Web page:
“Who’s lost their chip?”

Everybody looked down their ankles to check it. The owner (female) appears very soon, got ankle and chip reunited again. and then, from the boat top deck, uses this chance to give us last instructions .
“Now then, to make it easier when boarding, get yellow cap in hand, number marked on your arm well displayed; because they’re your passport. Check in the little rucksack that you’ve got the whistle!”
Meanwhile. the last boat but one sets off. Those who are heading for the island wave goodbye to those who are still on dry land with a “See you soon”. Back- slapping, shoulder-hugging. How many will have downed a “biodramina” seasick pill?
With everybody’s attitude just as civic-minded as sporty, we board the last Tabarca ferryboat. And there, as if we are smugglers the vaseline operation starts; vaseline here, vaseline there. Just as well it’s cheap. Stretching exercises and more vaseline… I notice some lads put it under their armpits and I follow suit. (obviously those creases that you get there ( Oh dear, Lucia you’re a beginner. Others put it on their neck. So me too and then more stretching exercises.

I like the atmosphere and the westerly wind (Just for something to say because I don’t know which way the wind is blowing) We all chat, make comments, weigh things up, we know each other. Veronica and Ricardo are a couple I’ll always remember with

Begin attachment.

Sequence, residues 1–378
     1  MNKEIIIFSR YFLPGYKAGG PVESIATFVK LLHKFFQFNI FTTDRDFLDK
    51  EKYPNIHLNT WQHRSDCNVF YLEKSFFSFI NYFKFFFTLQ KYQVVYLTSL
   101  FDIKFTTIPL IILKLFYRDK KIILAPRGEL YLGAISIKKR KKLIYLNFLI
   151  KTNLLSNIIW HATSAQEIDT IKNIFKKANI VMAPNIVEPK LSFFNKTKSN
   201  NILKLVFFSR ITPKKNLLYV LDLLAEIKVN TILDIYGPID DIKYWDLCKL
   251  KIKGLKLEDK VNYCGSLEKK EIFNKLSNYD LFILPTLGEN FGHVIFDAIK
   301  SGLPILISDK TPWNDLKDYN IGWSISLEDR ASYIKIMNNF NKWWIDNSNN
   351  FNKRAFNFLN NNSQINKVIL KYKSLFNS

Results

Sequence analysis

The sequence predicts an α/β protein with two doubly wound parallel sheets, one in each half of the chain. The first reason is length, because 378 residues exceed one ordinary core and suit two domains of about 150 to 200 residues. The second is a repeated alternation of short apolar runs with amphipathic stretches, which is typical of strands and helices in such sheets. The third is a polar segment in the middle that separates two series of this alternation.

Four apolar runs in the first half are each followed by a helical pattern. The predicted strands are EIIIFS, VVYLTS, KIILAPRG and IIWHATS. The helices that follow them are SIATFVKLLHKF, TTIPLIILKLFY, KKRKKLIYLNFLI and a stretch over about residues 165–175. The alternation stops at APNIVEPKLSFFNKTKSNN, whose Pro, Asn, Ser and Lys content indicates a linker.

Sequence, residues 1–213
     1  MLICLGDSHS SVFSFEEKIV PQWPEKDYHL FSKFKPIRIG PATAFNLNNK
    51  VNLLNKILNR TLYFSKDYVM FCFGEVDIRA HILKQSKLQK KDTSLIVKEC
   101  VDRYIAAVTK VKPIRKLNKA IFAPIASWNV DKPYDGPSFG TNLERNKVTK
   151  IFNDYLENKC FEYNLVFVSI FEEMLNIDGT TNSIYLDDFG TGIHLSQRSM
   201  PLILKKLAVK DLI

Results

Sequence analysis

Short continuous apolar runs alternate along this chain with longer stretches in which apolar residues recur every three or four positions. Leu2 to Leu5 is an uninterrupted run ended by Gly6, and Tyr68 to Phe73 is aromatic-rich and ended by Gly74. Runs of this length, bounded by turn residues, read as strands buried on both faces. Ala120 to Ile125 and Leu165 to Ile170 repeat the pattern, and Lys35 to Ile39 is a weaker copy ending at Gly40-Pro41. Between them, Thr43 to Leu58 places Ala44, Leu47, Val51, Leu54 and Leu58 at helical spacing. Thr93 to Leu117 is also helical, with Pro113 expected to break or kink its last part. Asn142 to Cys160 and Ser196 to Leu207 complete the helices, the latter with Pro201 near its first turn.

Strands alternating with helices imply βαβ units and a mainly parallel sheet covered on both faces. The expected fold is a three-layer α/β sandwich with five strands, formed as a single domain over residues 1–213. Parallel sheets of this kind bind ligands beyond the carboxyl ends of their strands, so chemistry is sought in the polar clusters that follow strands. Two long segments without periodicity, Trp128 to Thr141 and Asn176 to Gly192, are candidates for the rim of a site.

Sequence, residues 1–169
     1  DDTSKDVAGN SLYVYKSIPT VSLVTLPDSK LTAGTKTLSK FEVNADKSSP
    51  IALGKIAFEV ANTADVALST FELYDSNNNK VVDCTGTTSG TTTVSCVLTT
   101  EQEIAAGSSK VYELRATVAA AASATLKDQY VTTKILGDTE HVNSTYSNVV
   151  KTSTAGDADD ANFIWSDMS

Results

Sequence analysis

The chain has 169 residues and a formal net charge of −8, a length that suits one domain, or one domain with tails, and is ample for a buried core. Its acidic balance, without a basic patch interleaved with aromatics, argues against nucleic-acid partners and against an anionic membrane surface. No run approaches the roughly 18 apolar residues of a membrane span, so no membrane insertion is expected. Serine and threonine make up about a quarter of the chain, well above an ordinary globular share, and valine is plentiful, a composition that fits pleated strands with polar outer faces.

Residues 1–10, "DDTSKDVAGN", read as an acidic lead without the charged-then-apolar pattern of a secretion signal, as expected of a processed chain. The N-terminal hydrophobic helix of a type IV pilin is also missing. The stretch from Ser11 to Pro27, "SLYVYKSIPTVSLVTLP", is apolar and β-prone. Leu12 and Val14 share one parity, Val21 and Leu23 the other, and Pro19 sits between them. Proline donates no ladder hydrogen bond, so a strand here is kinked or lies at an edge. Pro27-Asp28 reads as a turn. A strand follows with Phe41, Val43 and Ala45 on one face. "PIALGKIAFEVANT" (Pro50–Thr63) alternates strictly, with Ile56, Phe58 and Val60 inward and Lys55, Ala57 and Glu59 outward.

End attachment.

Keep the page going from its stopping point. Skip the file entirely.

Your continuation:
affection. They started swimming in September, normally getting to 3000 metres and have never done open waters. “Do you think we’ll make it there?” they ask me. “I think you’ll enjoy it” I tell them.
The sun is coming up. Everybody’s there, with all the formalities done and just staring at the sunrise. Orange coloured; today it comes up as a salmon-coloured orange I stay in my seat, admiring it, just like so many other swimmers.
At the bows of the boat, I recognise one of the Swim organisers from the photos and from yesterday’s talk.
The buoys are ready. They form a straight line from the island right to the mainland, or vice-versa, according to how you look at it. This is everybody’s destination. on the island , the signs should show “The 21st century invasion of Tabarca…”
“The Mediterranean is just a kid’s sea” a New Zealander once said to me. And so I felt like swimming”. But, really, it’s quite unpredictable, and today it seems not to be flat at all, keep calm girl, we’ll get some energy, I see little waves which hand you “galtaetes” little slaps. A few kayaks are churning them out; they head for Tabarca.